Throughout the 20th century, US cities declined, while suburban communities boomed. This was a national phenomenon. It preceded widespread globalization, and cannot be linked with industrial decline. And, it was in precisely these blight-afflicted cities where the “affordable housing problem” became most acute.
The cause of urban blight & flight had everything to do with the sad racial history of the United States. There were two great waves of rural-to-urban migration of African Americans. The first brought some two million blacks to Northern and Midwestern industrial cities, seeking to take advantage of the shortages of industrial workers brought about by the first World War. The second brought another five million or so after World War II, many of whom settled in cities in the West. Conditions in the agricultural South must have been pretty bad for so many people to pin their hopes on such an unlikely outcome. Once the Great Wars were over, industrial jobs were no longer so easy to get (after WWII, millions of women relinquished factory jobs to returning GIs). Many unions denied membership to African Americans. Furthermore, the process of redlining — denying credit within certain racially-defined areas, was very widespread. These factors, combined with an endemic level of racism in society, ensured that people of color stayed within well-defined neighborhoods.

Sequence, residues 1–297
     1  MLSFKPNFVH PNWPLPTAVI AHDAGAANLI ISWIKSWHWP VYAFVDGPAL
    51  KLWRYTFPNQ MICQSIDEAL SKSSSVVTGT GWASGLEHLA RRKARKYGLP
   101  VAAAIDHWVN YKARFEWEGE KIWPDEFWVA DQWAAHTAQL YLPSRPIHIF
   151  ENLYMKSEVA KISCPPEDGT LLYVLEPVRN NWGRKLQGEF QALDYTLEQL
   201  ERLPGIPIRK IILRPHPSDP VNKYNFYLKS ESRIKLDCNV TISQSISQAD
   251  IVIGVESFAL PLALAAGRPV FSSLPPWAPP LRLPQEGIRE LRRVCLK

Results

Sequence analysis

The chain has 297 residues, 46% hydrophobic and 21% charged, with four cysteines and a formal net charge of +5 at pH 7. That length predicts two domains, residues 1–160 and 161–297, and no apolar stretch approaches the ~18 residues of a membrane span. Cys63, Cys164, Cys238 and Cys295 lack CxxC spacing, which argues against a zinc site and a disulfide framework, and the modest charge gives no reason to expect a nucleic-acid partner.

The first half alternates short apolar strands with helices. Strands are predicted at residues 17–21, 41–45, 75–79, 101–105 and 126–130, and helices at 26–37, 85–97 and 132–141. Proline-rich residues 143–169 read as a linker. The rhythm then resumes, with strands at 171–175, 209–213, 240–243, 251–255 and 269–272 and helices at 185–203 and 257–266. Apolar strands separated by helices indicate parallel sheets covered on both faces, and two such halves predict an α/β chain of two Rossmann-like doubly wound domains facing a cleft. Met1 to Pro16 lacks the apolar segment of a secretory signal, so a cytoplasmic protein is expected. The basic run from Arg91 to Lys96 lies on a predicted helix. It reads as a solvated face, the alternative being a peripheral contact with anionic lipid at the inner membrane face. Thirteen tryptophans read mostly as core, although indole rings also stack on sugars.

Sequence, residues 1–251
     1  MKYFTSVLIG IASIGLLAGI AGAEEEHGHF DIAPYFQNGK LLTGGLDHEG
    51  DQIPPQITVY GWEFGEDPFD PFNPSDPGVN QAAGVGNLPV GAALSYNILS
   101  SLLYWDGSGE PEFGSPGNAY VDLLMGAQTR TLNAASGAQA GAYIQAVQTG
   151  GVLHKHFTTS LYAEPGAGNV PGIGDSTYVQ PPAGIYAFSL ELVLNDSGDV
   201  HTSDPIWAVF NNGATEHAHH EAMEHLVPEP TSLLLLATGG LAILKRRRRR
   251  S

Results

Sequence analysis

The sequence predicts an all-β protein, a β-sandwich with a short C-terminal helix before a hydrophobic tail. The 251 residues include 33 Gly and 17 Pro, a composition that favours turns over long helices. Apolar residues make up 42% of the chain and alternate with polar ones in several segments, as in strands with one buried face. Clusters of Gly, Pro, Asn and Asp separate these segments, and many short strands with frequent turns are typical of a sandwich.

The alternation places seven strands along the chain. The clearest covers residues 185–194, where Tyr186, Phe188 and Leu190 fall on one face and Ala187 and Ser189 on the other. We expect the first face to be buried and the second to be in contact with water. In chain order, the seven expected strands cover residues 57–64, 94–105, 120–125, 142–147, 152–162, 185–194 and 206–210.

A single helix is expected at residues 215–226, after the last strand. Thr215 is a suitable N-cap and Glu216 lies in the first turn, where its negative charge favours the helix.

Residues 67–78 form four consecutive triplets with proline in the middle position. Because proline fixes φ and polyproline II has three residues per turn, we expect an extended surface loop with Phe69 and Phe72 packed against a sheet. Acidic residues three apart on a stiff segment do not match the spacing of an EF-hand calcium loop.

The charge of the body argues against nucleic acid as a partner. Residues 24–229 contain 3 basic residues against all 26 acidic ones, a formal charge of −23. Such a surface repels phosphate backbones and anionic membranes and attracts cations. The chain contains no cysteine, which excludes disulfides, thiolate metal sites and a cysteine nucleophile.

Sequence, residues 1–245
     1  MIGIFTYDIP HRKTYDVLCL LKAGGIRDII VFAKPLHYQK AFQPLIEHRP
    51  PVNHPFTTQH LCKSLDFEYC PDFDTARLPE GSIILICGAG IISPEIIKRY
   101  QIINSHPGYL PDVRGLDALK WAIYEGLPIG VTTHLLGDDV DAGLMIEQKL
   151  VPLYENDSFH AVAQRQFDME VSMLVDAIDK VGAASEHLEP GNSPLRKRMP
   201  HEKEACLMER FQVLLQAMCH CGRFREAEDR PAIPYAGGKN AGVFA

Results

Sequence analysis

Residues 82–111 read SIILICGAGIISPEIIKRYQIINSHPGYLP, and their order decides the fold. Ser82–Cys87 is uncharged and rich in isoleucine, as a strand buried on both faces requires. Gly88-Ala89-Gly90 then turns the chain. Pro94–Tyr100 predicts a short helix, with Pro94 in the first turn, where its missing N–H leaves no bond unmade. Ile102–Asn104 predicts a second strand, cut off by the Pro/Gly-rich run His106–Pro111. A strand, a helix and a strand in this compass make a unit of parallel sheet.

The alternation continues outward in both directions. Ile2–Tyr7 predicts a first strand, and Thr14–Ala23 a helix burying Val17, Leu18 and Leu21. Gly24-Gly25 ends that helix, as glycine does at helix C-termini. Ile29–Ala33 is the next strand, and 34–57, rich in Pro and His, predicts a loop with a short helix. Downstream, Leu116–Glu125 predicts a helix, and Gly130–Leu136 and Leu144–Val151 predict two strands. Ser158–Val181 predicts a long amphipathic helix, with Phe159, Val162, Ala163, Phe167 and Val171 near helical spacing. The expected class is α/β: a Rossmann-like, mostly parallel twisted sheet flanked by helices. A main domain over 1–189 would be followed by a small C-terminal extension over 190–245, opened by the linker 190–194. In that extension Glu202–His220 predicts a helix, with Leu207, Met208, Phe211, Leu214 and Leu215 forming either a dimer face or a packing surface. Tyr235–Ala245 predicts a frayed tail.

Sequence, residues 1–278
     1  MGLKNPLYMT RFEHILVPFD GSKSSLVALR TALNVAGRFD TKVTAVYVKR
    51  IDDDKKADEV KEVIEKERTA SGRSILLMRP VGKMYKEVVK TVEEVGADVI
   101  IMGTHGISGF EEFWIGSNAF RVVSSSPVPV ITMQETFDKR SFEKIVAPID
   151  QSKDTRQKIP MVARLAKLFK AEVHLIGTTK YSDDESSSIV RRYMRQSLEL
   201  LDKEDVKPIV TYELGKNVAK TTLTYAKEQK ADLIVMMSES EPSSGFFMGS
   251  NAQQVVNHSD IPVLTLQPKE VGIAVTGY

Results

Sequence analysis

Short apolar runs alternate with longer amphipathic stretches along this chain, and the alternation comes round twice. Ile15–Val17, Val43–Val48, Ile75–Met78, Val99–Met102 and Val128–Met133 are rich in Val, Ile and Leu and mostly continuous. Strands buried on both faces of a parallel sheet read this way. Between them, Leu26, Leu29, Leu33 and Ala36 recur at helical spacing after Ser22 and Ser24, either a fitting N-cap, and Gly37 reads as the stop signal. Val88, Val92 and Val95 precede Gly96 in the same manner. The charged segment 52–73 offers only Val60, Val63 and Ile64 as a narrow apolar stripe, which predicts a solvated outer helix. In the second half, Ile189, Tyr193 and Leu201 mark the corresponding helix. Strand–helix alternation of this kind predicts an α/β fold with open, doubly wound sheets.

Within those areas, unemployment was high, and it was essentially impossible for residents to establish businesses or buy homes. Rental housing was in short supply, and there was little incentive for landlords to pay attention to maintenance. This was a recipe for crime, and decline — and many of cities’ white, middle-class residents started to leave — a process that was accelerated by the establishment of the Interstate Highway System, and the booming automobile industry.
This process left behind impoverished, crime-ridden neighborhoods, patrolled by contemptuous and unreliable police. But you couldn’t say they weren’t affordable. At the very least, you could knock your way into the shelter of an abandoned building. A great many working people rented egregious housing, while paying for their own painting, re-glazing, and often heating, in Harlem, North Philadelphia, Watts, St. Louis, South Chicago and many other cities.
This is not to suggest that urban decay is entirely due to racism. It happens in places that lack the USA’s chronic racism, and has much to do with a worldwide shift of manufacturing to the global South and East. But, people often find it easier to handle large-scale social problems if they can identify a scapegoat. In the USA, the identification of Black areas with drugs and crime suited this impulse
At Least It’s Our Neighborhood…
There’s an inherent instability about this process, though. Blighted as these neighborhoods were, people had put down roots in them. They paid their taxes; city governments grudgingly provided them with infrastructure. Each had originally been part of a big city, a place where a great many people wanted to live. But, as land values fell, and more buildings were abandoned, eventually the place would become a real estate bargain. The slum may have lowered the value of the land immediately under it, but the slum as a whole was still centrally located.